Vulture Culture: National Science Foundation Funds LSU Graduate Student's Forensic Vulture Research
Prestigious dissertation enhancement grant supports Lauren Pharr's vulture scavenging work at Texas State University's Forensic Anthropology Research Facility (FARF).
It’s a scene reminiscent of old Westerns: a blue sky marred only by a vulture circling overhead, representing death and decay. But most film buffs – and the rest of us, for that matter – probably don’t realize that studying the frequency and pattern of vulture scavenging can actually have an impact on missing persons’ cases and other forensic studies. And that’s just what LSU graduate student Lauren Pharr has dedicated her career toward.
“Vultures really are fascinating creatures,” said Pharr. “They’re a protected species and not many people actually study them, even though their scavenging is actually really important to our ways of understanding decomposition.”
Pharr, a native of Memphis, Tenn., has been awarded the highly prestigious National Science Foundation, or NSF, Dissertation Enhancement Grant for her research focusing on vulture scavenging at a forensic anthropology research facility, or “body farm,” in San Marcos, Texas. Her research combines forensic anthropology and geographic information systems, or GIS. It focuses on the scavenging rates of vultures at the Texas State Forensic Anthropology Research Facility, or FARF, and the use of satellite telemetry to isolate probable scavenging locations. Her work will test the hypothesis that land elevation and distance to water will have the greatest impact and that FARF is a vulture scavenging hotspot regardless of the underlying geography. Data from locations where vultures are observed scavenging in the wild will be used to validate the model.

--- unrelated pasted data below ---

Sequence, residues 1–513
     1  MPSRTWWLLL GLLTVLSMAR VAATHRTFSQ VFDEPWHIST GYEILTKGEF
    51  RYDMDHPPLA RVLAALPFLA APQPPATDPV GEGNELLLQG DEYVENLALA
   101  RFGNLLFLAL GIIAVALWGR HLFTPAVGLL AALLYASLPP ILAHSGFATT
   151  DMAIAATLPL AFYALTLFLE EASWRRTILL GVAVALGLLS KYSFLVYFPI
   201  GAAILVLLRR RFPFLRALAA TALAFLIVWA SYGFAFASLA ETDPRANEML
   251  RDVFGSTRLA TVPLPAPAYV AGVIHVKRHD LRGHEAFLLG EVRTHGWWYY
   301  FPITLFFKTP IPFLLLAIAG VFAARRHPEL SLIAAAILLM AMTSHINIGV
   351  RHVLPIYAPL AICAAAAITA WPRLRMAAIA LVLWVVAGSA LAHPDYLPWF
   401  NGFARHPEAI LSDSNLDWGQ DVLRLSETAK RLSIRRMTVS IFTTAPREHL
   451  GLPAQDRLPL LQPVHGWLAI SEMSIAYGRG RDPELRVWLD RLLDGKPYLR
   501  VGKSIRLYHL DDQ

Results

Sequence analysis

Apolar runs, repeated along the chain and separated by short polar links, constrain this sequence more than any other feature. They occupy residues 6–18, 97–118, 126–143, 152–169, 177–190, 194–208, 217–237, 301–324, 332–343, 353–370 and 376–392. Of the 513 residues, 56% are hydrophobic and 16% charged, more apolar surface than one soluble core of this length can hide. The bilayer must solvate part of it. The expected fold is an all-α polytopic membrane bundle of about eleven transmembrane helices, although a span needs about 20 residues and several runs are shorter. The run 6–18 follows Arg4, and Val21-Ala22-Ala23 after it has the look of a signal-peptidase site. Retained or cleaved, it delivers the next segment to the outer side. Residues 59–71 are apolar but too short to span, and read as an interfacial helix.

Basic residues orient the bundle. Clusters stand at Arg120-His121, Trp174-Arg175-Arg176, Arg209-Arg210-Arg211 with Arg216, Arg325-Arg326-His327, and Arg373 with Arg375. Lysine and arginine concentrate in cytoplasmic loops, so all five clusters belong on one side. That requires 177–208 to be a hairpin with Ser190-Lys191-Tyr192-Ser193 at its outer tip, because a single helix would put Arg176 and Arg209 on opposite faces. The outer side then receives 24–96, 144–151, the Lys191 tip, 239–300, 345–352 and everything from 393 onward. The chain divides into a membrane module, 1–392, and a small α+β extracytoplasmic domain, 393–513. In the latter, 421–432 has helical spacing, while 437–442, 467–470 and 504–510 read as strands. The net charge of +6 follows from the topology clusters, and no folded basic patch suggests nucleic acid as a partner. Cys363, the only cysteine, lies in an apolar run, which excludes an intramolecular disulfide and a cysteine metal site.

Satellite telemetry involves the application of GPS transmitters to the animal under investigation and then satellites are used to transmit the animals’ locations and corresponding altitude to the research. Pharr’s dissertation research is unique because she plans to use the recorded altitude data to isolate probable vulture scavenging locations.
This research is important to law enforcement because investigators across the United States rely on accurate “time since death estimations” to help narrow down missing persons files to be searched, and also to either confirm or refute a suspects alibi. As a result, determining the accuracy of vulture scavenging rates at FARF is critical in insuring that law enforcement are applying appropriate timeline data to homicide investigations.
“I’m also working to see if scavenging near FARF is indicative of real-world situations,” said Pharr. “Because of the nature of the research conducted there, it could be that the area is more attractive to vultures than other areas might be.”
Pharr spent the summer of 2011 studying the scavenging rates of vultures at FARF versus the vultures’ scavenging rates at offsite non-forensic locations to determine if the vultures’ scavenging behavior has been altered by the repetition of decomposition studies taking place at FARF. In early summer 2012, Pharr will begin the process of trapping vultures at FARF and fitting the vultures with GPS transmitters prior to their release.